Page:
Nonprofit, independent journalism. Supported by readers.


Minnesota colleges and universities continue to see enrollment declines

Plus: in-person Holidazzle back in downtown Minneapolis; Minnesota woman launches legal battle with Wisconsin officials over plans to start bottled water company near Lake Superior; search warrants probing email accounts of South Dakota billionaire T. Denny Sanford unsealed; and more.

college graduate
Photo by MD Duran on Unsplash

Josh Verges writes in the Pioneer Press: “Defying hopes of stabilization, the enrollment decline at Minnesota colleges and universities appears to be even greater this fall than it was last school year. The public Minnesota State system has lost students for 10 straight years since peaking in 2011, but the coronavirus pandemic has accelerated that trend. Last fall, system colleges lost 5.3 percent of their headcount and universities 2.6 percent. This fall, the decline is 6.8 percent at colleges and 6 percent at universities, according to preliminary figures reported to the state Office of Higher Education. … “Our fall 2021 numbers show no sign of recovery,” Minnesota Higher Education Commissioner Dennis Olson said Wednesday during a meeting of the Minnesota State Board of Trustees.”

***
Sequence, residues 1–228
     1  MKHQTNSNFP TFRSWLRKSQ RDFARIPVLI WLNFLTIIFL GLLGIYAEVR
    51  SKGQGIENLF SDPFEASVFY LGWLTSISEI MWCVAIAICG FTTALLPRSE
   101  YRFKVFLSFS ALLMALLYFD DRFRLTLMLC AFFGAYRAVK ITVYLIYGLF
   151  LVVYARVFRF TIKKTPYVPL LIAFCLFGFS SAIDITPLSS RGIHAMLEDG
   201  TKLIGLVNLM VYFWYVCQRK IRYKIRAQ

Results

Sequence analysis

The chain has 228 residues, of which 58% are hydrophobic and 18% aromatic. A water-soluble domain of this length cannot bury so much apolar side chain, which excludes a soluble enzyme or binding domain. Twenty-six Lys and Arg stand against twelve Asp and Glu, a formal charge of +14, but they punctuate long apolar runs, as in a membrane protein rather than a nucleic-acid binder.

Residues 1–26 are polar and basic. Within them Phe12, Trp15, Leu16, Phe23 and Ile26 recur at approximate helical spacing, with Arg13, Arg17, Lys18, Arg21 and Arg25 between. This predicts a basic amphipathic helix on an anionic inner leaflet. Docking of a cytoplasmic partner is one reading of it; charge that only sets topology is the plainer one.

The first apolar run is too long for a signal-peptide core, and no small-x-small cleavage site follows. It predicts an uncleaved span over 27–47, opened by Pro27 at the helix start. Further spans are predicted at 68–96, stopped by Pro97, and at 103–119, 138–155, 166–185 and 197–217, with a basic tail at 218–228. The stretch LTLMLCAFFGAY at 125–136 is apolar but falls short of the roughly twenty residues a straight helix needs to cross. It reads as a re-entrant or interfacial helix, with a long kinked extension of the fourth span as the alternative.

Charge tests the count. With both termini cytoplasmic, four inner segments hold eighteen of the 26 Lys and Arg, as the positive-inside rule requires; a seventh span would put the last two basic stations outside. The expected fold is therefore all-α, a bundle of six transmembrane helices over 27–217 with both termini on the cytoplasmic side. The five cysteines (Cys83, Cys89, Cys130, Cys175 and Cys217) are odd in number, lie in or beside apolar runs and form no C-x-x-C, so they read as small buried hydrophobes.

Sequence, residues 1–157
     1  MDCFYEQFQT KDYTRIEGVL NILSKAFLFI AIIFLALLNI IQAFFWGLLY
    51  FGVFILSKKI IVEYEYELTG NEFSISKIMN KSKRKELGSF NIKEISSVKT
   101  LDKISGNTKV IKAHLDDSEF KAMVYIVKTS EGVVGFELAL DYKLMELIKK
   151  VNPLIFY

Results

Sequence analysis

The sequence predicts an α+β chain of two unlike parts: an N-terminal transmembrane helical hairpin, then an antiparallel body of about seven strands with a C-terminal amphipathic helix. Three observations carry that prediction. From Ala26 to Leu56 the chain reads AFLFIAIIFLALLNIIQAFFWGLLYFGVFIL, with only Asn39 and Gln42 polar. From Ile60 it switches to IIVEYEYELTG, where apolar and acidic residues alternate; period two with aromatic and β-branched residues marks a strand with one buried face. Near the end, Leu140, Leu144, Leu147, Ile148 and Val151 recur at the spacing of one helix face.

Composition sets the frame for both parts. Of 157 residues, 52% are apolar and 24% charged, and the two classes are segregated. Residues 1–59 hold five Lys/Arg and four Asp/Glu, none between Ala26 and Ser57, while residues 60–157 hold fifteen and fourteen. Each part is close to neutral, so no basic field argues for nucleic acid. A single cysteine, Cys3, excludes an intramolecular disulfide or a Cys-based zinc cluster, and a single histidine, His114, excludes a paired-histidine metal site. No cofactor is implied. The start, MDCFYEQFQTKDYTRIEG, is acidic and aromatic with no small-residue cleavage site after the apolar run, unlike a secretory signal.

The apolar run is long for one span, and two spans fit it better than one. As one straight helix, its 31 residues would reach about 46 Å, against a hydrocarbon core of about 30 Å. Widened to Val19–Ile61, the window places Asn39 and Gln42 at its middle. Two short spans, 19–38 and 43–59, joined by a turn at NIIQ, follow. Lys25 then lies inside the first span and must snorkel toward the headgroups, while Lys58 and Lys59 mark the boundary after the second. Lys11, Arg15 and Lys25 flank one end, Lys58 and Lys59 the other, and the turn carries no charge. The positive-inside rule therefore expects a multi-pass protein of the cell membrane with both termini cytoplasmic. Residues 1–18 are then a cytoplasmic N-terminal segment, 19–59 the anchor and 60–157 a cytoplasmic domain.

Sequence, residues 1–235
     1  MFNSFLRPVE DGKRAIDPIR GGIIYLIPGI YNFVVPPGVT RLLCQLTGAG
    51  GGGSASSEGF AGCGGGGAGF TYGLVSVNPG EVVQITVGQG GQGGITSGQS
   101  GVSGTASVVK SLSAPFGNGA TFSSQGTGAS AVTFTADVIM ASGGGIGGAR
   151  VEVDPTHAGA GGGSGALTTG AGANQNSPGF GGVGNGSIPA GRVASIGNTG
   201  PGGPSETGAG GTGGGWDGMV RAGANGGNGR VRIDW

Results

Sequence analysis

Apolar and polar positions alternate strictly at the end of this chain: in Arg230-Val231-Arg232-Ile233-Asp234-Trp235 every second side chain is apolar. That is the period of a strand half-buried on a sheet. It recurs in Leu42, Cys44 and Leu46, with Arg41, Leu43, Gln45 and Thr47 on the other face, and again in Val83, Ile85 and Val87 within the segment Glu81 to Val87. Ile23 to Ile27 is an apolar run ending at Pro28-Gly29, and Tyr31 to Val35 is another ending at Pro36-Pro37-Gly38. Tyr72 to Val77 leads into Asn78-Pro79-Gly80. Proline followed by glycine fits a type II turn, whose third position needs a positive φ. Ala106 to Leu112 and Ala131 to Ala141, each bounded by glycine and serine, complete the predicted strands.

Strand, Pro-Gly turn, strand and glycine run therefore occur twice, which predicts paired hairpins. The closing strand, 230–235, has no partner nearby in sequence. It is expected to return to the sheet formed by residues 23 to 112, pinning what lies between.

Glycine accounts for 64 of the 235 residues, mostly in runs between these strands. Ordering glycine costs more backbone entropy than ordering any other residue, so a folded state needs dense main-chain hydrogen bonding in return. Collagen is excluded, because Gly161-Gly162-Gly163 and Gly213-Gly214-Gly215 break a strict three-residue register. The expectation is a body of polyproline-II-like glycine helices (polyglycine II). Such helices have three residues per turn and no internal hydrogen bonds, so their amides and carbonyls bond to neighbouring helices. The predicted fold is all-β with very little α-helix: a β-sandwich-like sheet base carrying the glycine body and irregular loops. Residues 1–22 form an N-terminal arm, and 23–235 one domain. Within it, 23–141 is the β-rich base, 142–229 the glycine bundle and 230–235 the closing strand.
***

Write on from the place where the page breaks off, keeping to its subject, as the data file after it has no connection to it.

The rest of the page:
Says Tim Harlow for the Star Tribune, “Holidazzle is back live and in person this year, and organizers are primed to welcome revelers back to downtown Minneapolis for festivities that begin the day after Thanksgiving and culminate with a party in Loring Park the weekend before Christmas.”

For Bring Me The News, Melissa Turtinen reports, “The Minnesota Attorney General has won a lawsuit against a Minneapolis landlord accused of an eviction for-profit scheme whose rental units had infestations of ‘Biblical plague proportions,’ court documents state. After an eight-day trial, Hennepin County Court Judge Patrick Robben ruled Monday that Steven Meldahl, and his business S.J.M. Properties, ‘knowingly and in bad faith’ violated the rights of 267 families who rented from him, Attorney General Keith Ellison’s office said in a news release.”